The next game - Super Badminton for the iPhone - was a huge hit. The company then set up a research team in September 2012 to work on its proprietary game engine, Rolomotion, for which Gupta and Tandon were invited to Cupertino by Apple Inc. in February of 2013 to present their plan. And this was when the maker of iPhones and iPads came on board with Rolocule for the development and launch of Motion Tennis, its first game that would compete with gaming consoles.
While the company is already associated with Apple for the technology, it is now working on getting on board with Google's Android platform as well. "The go-to-market strategy is very important because the general public has to have awareness about it… Android is a fragmented market place, so you would want to approach Google directly," says Tandon.
However, despite the sustained growth, the founders say the company could have expanded much faster had they taken more people on board and "delegated work" much earlier. Rolocule currently employees 20 people, and intends to invest in marketing and talent, which according to them is a major deficit and there is a lot of training that goes into it. "Apart from being a brilliant coder, you also need to understand physics, mathematics, and have the entire knowledge of gaming engines," says Tandon.
"We were especially cautious about spending the investor money that had come. In hindsight we should have been much more aggressive... But now we're being aggressive and you will see a lot of products coming from us," says Tandon. The company is now working on its next product launch called Dance Party, which is being tested in Australia and is in the beta stage, and should be launched globally this April.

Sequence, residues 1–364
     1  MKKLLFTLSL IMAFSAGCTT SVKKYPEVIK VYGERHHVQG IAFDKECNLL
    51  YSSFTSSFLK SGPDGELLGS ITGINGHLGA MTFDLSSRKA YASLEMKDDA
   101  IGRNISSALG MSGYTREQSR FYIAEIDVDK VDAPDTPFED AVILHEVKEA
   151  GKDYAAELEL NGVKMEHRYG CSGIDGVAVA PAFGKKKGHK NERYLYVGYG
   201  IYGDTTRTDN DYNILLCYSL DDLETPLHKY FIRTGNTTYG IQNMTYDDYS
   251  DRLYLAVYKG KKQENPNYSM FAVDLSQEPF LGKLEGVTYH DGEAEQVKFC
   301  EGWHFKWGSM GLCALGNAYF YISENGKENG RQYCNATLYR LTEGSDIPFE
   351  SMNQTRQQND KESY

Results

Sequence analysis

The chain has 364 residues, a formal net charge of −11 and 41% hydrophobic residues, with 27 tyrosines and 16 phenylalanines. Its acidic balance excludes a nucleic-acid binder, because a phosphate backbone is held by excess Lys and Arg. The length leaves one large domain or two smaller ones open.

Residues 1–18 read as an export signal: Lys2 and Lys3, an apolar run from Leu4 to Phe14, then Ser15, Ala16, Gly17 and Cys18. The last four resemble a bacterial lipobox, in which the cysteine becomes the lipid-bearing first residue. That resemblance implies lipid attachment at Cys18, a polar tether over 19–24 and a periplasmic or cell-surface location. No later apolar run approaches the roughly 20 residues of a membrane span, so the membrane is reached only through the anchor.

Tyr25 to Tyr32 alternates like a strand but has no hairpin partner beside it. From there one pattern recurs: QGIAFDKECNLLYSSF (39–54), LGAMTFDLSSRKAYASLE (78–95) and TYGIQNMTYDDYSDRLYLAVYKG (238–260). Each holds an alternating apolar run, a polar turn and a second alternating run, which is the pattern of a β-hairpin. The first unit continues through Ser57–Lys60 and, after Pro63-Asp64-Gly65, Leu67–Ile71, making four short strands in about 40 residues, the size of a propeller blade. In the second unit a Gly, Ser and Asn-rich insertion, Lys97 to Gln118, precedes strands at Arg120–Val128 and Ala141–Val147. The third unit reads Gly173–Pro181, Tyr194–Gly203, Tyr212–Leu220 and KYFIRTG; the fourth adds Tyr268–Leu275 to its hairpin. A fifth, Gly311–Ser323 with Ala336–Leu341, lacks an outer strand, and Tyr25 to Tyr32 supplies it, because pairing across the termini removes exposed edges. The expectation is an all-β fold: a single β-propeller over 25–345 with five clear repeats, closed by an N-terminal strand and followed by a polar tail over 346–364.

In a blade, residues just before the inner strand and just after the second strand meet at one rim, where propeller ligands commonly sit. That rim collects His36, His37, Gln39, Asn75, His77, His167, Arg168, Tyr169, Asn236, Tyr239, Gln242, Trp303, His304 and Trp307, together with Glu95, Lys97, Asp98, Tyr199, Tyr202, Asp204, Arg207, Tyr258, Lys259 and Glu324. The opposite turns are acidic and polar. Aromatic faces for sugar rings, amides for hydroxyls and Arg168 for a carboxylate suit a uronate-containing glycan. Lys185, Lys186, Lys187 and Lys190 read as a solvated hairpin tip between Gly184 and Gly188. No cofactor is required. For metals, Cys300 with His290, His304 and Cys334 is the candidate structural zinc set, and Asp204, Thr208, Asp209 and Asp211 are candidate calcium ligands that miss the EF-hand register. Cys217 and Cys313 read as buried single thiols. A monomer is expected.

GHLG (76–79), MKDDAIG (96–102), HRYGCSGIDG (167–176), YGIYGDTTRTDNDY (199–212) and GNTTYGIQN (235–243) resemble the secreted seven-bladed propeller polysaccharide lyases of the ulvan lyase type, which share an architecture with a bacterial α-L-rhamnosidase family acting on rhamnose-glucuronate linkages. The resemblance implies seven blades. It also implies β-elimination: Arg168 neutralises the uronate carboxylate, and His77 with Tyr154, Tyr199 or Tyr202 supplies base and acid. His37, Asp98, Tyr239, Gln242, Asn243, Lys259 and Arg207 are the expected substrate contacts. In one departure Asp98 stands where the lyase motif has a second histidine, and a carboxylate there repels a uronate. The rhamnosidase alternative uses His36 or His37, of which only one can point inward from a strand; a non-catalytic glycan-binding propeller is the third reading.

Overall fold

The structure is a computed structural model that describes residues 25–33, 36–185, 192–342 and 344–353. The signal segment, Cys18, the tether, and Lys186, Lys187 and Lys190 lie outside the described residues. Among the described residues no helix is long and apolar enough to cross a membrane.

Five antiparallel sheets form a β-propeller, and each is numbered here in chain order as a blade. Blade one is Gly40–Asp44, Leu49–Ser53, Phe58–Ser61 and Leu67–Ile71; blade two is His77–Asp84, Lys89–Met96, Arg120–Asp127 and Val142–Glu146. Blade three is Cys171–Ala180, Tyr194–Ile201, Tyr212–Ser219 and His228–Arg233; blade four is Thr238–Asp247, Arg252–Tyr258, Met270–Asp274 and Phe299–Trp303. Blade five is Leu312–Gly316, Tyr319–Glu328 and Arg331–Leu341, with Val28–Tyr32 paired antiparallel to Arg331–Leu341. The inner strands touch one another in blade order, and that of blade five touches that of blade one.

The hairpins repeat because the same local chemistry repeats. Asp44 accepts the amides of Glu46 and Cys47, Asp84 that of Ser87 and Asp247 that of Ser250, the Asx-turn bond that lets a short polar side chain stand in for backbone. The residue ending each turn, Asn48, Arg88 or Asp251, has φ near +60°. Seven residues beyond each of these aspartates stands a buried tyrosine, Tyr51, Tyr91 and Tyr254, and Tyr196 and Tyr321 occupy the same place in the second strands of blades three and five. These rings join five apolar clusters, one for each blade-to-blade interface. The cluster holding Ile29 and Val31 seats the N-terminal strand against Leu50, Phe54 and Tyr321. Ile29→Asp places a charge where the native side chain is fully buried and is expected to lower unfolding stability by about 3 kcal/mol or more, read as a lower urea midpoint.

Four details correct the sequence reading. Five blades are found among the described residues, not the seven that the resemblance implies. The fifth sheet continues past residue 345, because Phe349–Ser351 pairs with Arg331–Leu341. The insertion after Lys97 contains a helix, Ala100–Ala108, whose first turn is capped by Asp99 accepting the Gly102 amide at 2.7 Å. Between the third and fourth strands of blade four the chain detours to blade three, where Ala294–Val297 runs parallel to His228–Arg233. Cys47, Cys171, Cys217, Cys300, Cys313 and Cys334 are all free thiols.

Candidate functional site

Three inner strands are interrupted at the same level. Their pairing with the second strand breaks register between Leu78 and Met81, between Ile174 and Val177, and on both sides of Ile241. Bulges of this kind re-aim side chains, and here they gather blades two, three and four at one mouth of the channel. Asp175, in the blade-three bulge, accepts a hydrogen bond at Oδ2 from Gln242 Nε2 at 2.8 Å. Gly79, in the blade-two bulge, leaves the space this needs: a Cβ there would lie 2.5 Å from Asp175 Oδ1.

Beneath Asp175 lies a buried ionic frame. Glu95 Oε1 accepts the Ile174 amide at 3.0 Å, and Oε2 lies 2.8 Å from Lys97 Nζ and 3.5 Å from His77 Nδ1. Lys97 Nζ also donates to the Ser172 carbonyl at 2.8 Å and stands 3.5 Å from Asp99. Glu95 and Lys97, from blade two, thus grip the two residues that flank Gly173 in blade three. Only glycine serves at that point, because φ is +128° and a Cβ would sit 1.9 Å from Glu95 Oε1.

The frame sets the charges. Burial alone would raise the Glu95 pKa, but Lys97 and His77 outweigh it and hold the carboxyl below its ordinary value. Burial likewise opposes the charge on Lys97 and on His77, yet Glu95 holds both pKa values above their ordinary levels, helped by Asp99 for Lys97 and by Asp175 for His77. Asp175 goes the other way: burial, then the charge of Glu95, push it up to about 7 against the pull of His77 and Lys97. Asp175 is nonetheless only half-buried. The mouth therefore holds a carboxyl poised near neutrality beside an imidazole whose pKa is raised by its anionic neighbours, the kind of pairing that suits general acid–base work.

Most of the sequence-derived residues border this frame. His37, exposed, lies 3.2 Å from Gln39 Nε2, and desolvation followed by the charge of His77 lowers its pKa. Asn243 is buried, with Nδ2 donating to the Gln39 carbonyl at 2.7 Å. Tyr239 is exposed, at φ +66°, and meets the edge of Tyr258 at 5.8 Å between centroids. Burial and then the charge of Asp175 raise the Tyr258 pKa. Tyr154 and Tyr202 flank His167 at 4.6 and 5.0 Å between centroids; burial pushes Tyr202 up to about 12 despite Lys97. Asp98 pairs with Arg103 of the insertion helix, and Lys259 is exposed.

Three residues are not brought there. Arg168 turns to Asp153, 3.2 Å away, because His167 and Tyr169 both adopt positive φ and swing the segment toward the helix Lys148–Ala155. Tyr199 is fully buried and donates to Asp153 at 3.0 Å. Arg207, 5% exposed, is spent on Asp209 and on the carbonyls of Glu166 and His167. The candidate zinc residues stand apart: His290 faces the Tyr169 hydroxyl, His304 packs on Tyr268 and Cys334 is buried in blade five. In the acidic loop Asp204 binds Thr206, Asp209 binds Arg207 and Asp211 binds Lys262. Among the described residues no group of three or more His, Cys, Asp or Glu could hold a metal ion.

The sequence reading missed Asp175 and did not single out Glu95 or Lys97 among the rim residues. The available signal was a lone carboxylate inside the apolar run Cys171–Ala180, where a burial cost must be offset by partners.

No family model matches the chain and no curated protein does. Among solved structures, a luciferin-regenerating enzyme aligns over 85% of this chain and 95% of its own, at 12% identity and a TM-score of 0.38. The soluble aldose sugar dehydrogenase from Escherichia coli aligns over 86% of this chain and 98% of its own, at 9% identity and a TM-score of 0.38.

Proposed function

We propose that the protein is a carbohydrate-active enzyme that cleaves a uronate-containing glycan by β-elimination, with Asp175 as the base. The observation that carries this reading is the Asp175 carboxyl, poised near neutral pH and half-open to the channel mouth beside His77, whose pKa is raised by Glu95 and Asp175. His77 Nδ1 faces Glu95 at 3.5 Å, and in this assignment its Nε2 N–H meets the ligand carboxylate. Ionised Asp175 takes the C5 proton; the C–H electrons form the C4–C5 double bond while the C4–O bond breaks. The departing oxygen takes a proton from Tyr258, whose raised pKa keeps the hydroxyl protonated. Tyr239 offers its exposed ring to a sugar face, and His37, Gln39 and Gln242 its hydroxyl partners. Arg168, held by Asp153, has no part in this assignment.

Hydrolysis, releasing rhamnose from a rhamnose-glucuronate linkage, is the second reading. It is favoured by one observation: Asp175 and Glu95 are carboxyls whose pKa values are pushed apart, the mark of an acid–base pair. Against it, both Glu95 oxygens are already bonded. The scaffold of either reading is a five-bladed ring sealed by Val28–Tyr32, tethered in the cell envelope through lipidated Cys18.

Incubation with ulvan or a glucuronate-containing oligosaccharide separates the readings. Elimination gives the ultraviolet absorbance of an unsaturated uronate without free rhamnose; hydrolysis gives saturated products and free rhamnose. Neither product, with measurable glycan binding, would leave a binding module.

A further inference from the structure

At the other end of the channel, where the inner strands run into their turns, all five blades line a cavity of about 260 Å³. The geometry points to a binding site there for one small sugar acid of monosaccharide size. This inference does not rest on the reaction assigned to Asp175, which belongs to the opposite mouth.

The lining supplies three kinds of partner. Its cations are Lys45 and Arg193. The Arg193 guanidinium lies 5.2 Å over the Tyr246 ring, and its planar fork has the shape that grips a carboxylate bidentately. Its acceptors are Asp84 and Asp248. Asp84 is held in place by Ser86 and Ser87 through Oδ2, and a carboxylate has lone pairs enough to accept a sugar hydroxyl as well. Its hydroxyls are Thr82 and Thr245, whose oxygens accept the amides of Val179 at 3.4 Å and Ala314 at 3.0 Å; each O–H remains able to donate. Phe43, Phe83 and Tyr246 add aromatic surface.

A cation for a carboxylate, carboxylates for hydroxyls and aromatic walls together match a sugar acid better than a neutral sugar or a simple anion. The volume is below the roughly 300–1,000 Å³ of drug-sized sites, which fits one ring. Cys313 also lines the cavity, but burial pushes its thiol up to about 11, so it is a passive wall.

So cautious were both the founders in the beginning that to secure resources such as designers as interns and the physical infrastructure, Gupta agreed to teach the students at the animation institute in exchange. But while they had promised the interns that the game would be out in three months, it actually took six months. "They stuck with us without salary for another three months, and we still have two of them join us at Rolocule," says Tandon. This game was Super Badminton.
Cautiousness has served them well and the company has managed to remain profitable. Popularity of the products has boosted their revenue as people have been willing to pay for the games. About 90 per cent of the company's games are currently paid. However, Rolocule is gradually working towards moving to the freemium, or the in-app purchase model, where they would be providing the games free of cost, while charging people for elements and add-on features within the game.
"The good news is that these guys knew how to keep themselves self sufficient," says Reddy, adding that the reason Rolocule would even need the next round of fund would be because of the desire to grow faster than the rate of organic growth. "That's a good situation to be in. If the next game hits off, they might not even need the next round of funding," says Reddy.